In a strange way I do like windmills. They look majestic and the slow turning of the blades had something meditative. There also is that part of When the blades are turning, it is producing energy and therefor saving fossil fuels somewhere else. It is a nice thought, but is it also true? I didn’t gave it much thought until I experienced something that made me think.
Just before the Millennium I bought a house and renovated it, As someone green at heart I wanted some green technology in it. I thought a solar panel would be nice. When asking around I heard that solar panels that produce electricity were not efficient yet. I was advised to take a solar panel that heats water in a boiler. The principle was really straight forward. The sun heats the water that goes in that boiler. If I need warm water and the water isn’t warm enough, the central heating system would heat it up in stead. If the water was warm enough I had actually water heated by the sun. Simple as that.
It looked promising. Even when there wasn’t that much of sunlight the indicator light on the sun boiler was lighting up. My water was heated by the sun and it saved the gas that otherwise was needed to heat that same water. Nice, it worked!
But there were some problems too. The central heating system didn’t work that well. It took a looong time before the room was warm. This was a new system, so I feared that the capacity of the central heating system was not well calculated and my system was underpowered. Not really threatening, but quite an inconvenience. Probably my own mistake. What goes around comes around.
Other things made me think also. One summer I powered off my central heating. My assumption was that I only used warm water in summer. That shouldn’t be a problem when sun was shining. So no need for a central heating system for heating water. The sun boiler should be enough. That didn’t go well. Although the indicator light was on most of the time (and water was being heated) the water that came out of the system was only lukewarm.
Forward somewhat later. I heard strange noises in the solar system and I unplugged it. But this had quite some consequences. When I put on the heating, the room heated up in a jiffy … the system was not underpowered after all. It worked just fine. The problem seemed to be the solar installation or the link between the solar installation with the central heating system.
But if the central heating had problems to heat the room, then it was running longer, so needing more gas. Was this really true? To try this out I left the solar system off for a longer period. Then came the winter. The central heating wasn’t struggling, indeed less gas was needed to come to the desired room temperature and the room warmed up much faster than before.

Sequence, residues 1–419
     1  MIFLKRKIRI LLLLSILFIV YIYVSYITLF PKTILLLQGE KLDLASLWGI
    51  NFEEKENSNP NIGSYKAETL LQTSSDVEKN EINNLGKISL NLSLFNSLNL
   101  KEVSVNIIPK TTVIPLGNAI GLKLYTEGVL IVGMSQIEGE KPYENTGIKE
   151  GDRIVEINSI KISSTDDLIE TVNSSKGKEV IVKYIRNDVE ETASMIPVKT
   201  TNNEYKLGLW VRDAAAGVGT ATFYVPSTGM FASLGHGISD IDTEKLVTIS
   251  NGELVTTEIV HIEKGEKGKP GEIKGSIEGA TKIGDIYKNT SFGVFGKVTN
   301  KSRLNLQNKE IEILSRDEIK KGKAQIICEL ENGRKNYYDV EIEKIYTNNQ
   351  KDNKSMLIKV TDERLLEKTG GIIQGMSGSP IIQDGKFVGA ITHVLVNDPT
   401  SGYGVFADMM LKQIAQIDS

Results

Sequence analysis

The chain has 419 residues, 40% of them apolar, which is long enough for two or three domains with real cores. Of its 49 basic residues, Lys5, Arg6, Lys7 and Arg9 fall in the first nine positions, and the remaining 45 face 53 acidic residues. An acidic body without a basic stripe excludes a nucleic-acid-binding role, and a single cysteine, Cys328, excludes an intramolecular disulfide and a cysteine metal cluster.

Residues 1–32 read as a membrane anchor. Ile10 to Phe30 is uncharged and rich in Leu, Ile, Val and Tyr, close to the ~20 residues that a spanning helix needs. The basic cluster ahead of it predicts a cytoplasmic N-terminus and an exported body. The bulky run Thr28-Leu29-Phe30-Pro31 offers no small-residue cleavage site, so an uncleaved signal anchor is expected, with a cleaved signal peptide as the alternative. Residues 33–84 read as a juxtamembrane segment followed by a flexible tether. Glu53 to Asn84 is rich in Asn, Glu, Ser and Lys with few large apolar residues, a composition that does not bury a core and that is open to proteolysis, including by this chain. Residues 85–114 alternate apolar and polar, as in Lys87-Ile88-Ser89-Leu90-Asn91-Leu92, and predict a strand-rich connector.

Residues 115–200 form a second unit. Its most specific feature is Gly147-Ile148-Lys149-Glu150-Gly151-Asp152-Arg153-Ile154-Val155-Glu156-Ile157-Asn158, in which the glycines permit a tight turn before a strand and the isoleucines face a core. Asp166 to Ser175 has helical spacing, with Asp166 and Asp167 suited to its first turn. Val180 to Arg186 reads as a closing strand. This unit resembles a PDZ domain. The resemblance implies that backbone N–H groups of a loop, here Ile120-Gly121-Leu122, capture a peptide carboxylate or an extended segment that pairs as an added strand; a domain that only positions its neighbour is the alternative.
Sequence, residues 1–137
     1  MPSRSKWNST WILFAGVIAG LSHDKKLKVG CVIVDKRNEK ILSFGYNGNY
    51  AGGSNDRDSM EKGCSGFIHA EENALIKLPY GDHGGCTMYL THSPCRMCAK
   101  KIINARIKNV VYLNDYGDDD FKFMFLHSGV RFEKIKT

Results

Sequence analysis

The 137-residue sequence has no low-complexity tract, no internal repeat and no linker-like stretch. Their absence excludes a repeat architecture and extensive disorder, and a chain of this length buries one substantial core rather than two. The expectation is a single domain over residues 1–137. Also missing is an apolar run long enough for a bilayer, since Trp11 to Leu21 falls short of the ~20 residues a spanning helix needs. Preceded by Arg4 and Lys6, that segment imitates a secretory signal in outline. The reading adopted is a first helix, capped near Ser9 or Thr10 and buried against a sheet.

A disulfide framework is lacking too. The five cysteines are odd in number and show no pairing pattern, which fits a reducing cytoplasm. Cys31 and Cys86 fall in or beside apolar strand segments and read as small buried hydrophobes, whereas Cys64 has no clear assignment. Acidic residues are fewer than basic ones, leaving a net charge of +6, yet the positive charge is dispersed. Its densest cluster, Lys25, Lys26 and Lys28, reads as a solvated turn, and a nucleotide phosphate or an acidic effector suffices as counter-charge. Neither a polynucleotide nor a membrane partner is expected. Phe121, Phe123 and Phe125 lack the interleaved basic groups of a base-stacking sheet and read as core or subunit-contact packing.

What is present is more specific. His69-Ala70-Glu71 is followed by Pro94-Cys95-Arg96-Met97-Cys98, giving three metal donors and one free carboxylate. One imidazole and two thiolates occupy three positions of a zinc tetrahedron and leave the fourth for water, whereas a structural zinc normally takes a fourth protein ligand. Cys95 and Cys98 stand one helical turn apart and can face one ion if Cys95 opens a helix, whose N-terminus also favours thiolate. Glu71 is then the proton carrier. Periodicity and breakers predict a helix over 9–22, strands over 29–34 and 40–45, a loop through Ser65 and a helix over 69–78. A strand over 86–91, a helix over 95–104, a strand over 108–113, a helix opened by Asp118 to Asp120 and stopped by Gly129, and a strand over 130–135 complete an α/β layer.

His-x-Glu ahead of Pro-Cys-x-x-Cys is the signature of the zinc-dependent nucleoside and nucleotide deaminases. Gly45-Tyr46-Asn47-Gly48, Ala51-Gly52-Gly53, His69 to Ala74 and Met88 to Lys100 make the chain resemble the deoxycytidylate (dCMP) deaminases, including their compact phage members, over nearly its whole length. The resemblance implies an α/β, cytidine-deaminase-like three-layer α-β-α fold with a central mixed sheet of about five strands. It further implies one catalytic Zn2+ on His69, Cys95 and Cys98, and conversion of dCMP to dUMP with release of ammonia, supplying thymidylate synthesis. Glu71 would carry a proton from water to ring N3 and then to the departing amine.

I don’t know why the installation was faulty. Maybe there was a fault in production. Or it wasn’t properly installed. Or it didn’t work well with my central heating system. Or I couldn’t expect more from this early generation solar installation. Or my consumption pattern of warm water wasn’t compatible with the system. Or whatever.
The point I want to make is: when the alternative energy source is only a tiny portion of the total energy produced, it is really difficult to know if you are saving energy or not. I didn’t notice that it took more energy than it produced. My thought was that I was saving gas because the indicator light was on, but that was clearly not the case.
The same when generating electricity with wind/solar. Can we be sure that when the blades of a windmill are turning energy is saved somewhere? Wind energy as well as solar energy are intermittent and used in a system that needs a constant power production. This means the production of electricity will depend on the wind or the sun, not on our consumption. We can not trust wind and/or solar to produce energy when it is needed, so backup power needs to be provided. Which is using (fossil) fuel. But with only a few percent of solar and wind in the energy mix, nobody will ever notice if we are either saving fossil fuels, breaking even or using more of it in the process.